9. “My Tummy Hurts”
Lastly — If there’s no obvious physical reason for tummy pain, then stress could be at the bottom of your child’s upset stomach. Anxious thoughts and gastrointestinal discomfort go hand in hand, whether for a child or adult. One helpful clue is to pay attention to when the child complains of a tummy ache. Regular upset stomachs at specific times could signal that something is very stressful is going on inside their mind. According to child psychologist Kathryn Boger, chronic stomach aches may be a more serious problem. If your child does struggle with chronic stomach pain, don’t hesitate to seek medical help.
Solutions for What To Do If Your Child Is Anxious
Now that we have gone over a list of ways children may express their anxious thoughts. We want to provide you with some helpful tips and possible solutions. If you suspect that your child is struggling with anxious thoughts or behaviors, it can be stressful for you as a parent to navigate and understand, especially if you don’t struggle with anxious thoughts yourself. Thankfully, there are many proactive steps you can take to help them process and manage their emotions. Here is a quick run-down of some approaches you can take to help them work through their anxieties.
Communication & Understanding — We can’t stress this enough. Simply taking the time to talk to your child to try and understand their perspective can go a really long way. Even if the topic or cause of their stress or anxious thoughts seem silly or senseless to you. Learning to communicate on their level can sometimes reveal underlying anxieties you didn’t even know existed. Engaging them in a positive and peaceful way can often open doors that can lead to a helpful solution. By communicating and ensuring your child feels as though they have a “voice” will help them feel more comfortable to share their feelings without fear of consequence or dismissal. A great quote by Catherine M. Wallace provides great perspective on parent/child communiation.
“Listen earnestly to anything your children want to tell you, no matter what. If you don’t listen eagerly to the little stuff when they are little, they won’t tell you the big stuff when they are big, because to them all of it has always been big stuff.”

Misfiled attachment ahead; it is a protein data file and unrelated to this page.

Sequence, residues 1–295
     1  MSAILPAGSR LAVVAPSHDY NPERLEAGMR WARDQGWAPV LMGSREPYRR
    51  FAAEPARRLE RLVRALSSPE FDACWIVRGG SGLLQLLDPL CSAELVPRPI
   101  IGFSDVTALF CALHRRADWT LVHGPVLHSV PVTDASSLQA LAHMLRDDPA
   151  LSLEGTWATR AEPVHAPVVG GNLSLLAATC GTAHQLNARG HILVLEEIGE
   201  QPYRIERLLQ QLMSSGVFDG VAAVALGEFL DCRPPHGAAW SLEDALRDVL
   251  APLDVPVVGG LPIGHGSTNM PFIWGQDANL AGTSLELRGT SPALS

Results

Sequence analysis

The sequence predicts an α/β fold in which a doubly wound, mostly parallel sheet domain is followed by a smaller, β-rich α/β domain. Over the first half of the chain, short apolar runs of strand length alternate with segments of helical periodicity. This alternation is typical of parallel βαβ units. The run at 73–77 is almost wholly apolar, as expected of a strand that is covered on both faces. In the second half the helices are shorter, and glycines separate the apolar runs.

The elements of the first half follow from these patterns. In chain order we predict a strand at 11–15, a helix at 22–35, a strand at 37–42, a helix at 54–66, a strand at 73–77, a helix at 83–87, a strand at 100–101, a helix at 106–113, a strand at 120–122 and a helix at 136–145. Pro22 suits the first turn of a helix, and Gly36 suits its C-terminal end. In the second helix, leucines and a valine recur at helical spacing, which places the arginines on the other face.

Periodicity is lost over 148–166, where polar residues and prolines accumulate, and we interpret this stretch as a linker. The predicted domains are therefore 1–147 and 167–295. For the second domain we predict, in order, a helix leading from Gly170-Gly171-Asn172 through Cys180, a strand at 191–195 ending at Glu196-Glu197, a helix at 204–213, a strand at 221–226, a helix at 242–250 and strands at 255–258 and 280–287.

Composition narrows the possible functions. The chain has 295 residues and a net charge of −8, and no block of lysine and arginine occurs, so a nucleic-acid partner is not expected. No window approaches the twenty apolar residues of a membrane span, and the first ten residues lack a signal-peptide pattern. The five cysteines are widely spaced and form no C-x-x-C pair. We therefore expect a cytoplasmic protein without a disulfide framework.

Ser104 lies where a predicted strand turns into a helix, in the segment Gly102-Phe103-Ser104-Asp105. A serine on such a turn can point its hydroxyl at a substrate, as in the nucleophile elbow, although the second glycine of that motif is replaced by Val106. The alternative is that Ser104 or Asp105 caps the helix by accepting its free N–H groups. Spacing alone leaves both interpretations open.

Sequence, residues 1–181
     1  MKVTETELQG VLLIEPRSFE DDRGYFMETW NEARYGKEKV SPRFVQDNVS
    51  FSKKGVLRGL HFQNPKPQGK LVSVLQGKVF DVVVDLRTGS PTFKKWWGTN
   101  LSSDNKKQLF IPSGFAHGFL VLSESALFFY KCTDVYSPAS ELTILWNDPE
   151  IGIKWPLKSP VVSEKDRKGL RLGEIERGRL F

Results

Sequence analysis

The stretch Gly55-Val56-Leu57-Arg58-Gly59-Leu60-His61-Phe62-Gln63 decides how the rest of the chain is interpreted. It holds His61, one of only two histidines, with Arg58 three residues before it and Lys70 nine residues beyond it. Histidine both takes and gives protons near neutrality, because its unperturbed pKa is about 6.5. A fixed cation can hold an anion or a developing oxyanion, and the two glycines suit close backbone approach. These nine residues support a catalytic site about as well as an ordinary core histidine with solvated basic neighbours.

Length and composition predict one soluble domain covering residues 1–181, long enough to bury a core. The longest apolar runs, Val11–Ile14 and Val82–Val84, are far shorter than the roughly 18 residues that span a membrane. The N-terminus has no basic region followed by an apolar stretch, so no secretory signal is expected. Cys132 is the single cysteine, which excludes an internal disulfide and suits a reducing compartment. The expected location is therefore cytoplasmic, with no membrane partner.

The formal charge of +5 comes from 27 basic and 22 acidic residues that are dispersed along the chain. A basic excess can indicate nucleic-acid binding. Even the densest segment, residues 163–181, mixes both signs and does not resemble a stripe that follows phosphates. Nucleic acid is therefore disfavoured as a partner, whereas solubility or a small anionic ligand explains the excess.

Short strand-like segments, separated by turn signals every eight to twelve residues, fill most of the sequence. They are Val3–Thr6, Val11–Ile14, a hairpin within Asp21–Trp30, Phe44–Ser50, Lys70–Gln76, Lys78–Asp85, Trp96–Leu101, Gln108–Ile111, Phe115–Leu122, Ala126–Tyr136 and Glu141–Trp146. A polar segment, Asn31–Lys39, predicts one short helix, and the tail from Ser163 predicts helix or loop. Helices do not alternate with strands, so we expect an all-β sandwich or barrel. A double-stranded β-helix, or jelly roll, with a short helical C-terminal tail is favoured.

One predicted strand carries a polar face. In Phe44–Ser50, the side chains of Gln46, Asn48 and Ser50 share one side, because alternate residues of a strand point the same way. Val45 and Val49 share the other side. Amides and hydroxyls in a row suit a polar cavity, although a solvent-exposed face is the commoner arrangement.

– Catherine M. Wallace
Peaceful Parenting Tactics — Speaking of peaceful approaches, demonstrating control over your own emotions is a great way to help your child do the same. Children often emulate the behaviors and examples set before them. Often times, we as parents have a knee jerk reaction to things our children do without realizing it. Peaceful Parenting Tactics and Communication & Understanding go hand-in-hand. By practicing a peaceful approach and remembering to keep your own frustrations in check will help not only you, but also your child in the long-haul. Your child will thrive, have better communication skills, more self-confidence and a better ability to manage their own thoughts, behaviors and emotions.
Play Therapy — If you don’t know what play therapy is, you should absolutely check it out – google play therapists near you to learn about all the positive benefits that come with it. As we’ve discussed, children can’t always verbalize what they’re feeling, however they can express their emotions through play. A play therapist may have art supplies, musical instruments, toys, etc., these items become tools for the child to communicate what’s going on inside their minds. Children will often reenact scenarios or events from their perspective through play. Their play will typically parallel to real life experiences or past events. This becomes an avenue for them to release tension, bottled emotions and gives them the ability to work through different stressors or anxieties they may be unable to verbalize. Play therapy is a great way for your child to develop the tools they need to be successful later in life and manage any internal struggles they might be dealing with. It is also an excellent tool for parents to better understand their child’s individual needs and also learn how to adjust their parenting style to accommodate those needs.
Try the “Smiling Mind” App — Smiling Mind is a great app for kids, and it’s great for anyone struggling with anxious thoughts. Watch the video here, and you can learn how it helps. Smiling Mind promotes mindfulness meditation and helps children develop mental strength, focus, and emotional resilience.
If you have a child struggling with anxious thoughts, then there are many options and resources out there that can help them. You may also begin by looking at therapy resources in your area. There may be programs or individuals that can help point you in the right direction.